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Dublin: 19 °C Wednesday 23 July, 2014

The Government is making it easier for skilled workers from abroad to work in Ireland

A new bill will bring in nine different ways to be granted an employment permit.

The Foundry, Google's first European Digital Innovation Centre in Dublin.
The Foundry, Google's first European Digital Innovation Centre in Dublin.
Image: Laura Hutton/Photocall Ireland

THE GOVERNMENT IS to make it easier for skilled workers from outside the EU to get a permit to work in Ireland.

The Employment Permits (Amendment) Bill 2014 will bring in nine different ways to be granted an employment permit with Jobs Minister Richard Bruton saying that it is necessary to make Ireland a more competitive destination for online companies.

As part of the bill, certain skills which are identified as being in short supply will be identified and applicants from abroad will be able to apply for these under the new Critical Skills Employment Permit (CSEP).

A similar permit, known as the ‘Green card scheme’ is already in place but is to be changed because of its association with the US immigration system.

An associated permit to enable the family members of holders of CSEPs to work in the State is also to be enacted. The rationale for this is that, in order to attract foreign nationals to apply for CSEPs, provision must also be made for their families where appropriate.

A number of other new permits are also to be initiated, these include permits that allow for the temporary transfer of workers between companies as well as a specific permit for sport and the arts.

Publishing the legislation, Bruton says that research has shown that for every high-end tech job created, a further 4-5 jobs are created elsewhere in the economy.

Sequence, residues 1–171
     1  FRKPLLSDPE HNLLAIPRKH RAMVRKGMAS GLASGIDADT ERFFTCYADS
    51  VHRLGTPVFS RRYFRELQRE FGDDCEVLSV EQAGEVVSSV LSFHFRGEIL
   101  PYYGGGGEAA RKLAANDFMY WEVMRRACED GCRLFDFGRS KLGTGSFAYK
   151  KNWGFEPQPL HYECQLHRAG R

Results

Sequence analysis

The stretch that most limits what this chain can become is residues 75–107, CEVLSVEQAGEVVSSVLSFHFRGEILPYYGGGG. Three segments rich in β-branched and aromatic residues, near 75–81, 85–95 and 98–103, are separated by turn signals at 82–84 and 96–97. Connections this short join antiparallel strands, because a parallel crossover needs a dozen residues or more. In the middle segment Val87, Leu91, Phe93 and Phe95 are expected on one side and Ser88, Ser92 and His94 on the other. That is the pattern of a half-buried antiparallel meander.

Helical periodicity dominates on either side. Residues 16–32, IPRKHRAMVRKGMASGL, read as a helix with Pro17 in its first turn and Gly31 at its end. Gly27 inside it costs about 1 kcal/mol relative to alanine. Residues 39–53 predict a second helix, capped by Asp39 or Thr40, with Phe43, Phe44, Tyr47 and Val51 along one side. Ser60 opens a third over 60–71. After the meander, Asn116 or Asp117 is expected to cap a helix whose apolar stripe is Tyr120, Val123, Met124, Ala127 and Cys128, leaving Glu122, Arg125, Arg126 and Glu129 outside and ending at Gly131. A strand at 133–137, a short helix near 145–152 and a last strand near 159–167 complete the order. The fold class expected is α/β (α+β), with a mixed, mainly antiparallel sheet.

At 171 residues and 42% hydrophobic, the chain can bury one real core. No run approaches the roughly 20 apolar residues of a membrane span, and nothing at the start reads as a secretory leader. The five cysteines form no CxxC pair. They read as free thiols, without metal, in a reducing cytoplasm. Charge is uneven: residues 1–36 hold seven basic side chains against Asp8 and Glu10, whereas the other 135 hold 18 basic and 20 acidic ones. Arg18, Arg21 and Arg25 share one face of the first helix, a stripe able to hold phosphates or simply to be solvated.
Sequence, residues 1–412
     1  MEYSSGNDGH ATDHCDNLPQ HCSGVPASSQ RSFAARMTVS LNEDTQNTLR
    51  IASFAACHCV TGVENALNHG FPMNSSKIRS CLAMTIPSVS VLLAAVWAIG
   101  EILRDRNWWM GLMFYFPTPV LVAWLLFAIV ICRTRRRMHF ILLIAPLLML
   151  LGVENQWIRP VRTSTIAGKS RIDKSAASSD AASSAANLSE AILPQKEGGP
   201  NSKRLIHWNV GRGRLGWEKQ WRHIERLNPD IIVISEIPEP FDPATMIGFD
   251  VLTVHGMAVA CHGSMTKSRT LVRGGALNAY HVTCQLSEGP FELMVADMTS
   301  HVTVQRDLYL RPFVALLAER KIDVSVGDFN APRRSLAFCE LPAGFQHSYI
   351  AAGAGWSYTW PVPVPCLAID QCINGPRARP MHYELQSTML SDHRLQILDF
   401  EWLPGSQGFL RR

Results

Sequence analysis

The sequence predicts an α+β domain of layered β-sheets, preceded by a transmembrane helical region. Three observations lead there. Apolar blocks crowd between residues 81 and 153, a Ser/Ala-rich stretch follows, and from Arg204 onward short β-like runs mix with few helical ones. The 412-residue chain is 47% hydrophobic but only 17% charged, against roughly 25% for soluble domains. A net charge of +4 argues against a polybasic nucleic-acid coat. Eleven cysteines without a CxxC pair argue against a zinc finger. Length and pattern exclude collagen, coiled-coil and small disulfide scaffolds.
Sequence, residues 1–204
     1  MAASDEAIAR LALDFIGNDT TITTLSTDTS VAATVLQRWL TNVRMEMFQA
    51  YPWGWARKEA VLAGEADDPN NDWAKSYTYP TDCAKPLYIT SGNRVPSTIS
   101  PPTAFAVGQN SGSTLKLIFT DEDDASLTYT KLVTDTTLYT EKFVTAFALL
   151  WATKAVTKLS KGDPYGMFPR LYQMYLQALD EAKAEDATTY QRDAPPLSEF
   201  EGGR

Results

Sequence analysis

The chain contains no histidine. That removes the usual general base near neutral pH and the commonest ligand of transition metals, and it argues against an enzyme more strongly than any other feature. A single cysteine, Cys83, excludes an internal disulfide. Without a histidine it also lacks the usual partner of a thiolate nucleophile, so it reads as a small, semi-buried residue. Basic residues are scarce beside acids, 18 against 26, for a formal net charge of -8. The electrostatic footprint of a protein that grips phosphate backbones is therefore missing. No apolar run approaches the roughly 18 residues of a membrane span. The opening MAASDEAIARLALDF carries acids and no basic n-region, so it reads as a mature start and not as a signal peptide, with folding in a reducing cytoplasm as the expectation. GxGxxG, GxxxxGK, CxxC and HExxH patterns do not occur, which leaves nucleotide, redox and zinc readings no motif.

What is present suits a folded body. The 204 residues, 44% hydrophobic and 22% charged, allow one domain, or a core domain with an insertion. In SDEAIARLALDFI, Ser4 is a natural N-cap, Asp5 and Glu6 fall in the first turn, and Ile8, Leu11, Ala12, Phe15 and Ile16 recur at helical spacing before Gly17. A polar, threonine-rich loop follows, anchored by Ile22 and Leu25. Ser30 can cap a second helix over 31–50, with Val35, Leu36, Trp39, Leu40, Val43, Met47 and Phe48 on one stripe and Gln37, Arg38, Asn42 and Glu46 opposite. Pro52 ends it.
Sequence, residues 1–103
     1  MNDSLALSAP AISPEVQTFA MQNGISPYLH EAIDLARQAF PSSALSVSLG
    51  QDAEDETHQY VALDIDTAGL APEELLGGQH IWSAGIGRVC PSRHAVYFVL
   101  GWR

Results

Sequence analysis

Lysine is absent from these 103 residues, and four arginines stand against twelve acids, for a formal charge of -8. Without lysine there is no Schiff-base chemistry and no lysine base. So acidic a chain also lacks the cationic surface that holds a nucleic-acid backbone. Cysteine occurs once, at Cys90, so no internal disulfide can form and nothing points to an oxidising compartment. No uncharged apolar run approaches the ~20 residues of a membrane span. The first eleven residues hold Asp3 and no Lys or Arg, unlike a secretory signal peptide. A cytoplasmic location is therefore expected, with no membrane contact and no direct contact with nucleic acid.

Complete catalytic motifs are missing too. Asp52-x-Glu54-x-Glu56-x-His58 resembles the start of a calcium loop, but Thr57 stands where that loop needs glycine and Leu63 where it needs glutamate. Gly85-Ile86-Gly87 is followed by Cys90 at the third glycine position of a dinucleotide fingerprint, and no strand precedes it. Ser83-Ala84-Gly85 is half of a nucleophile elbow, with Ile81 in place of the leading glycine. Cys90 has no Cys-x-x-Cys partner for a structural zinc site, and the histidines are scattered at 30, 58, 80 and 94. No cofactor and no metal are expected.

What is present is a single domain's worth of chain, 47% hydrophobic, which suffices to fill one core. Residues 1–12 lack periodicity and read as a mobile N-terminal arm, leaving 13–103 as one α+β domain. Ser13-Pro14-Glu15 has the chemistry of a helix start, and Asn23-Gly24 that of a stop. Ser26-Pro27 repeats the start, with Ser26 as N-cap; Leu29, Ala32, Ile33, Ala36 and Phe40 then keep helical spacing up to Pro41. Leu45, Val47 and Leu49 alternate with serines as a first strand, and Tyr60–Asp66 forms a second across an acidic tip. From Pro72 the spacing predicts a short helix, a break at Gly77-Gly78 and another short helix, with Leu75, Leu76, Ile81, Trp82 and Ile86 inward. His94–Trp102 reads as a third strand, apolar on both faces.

He explains that the new rules will lead to a 58 per cent reduction in the processing time for employment permits and will provide flexibility in the labour market:

The ICT sector is a central part of our Action Plan for Jobs, and since taking office we have put in place a range of measures to support accelerated job-creation in this area. Skills is key to this, as one of the biggest issues faced by businesses considering creating jobs in this sector is the availability of skilled graduates to do the work needed.

The minister adds that he is working with Education Minister Ruairí Quinn to ensure that Irish graduates are being educated to take up jobs in the ICT area.

“Under the most recent ICT Action Plan at least 3 out of 4 vacancies in the ICT sector will be filled by graduates from Irish colleges, this is a major leap forward from the 45 per cent that prevailed in 2011,” he says.

Hussein v The Labour Court 

The new legislation also seeks to address a high court ruling which found that an immigrant worker who did not have a work permit was not entitled to back-pay from an employer who employed him.

In the ‘Younis case’, the High Court found that that the employment contract was unlawful and overturned an earlier decision of the Labour Court which awarded the man the monies

The new legislation amends the 2003 Employment Permits Act and now provides a defence to a foreign national where they can prove that they have taken all reasonable steps to ensure that they were in compliance.

A further section in bill seeks to deter employers from employing foreign nationals without an employment permit by permitting the foreign national to take civil action for compensation against the employer, notwithstanding the illegality of the contract.

Read: PhoneWatch to create 230 jobs in 12 regions across the country >

Read: OECD says JobBridge is leaving most disadvantaged behind >

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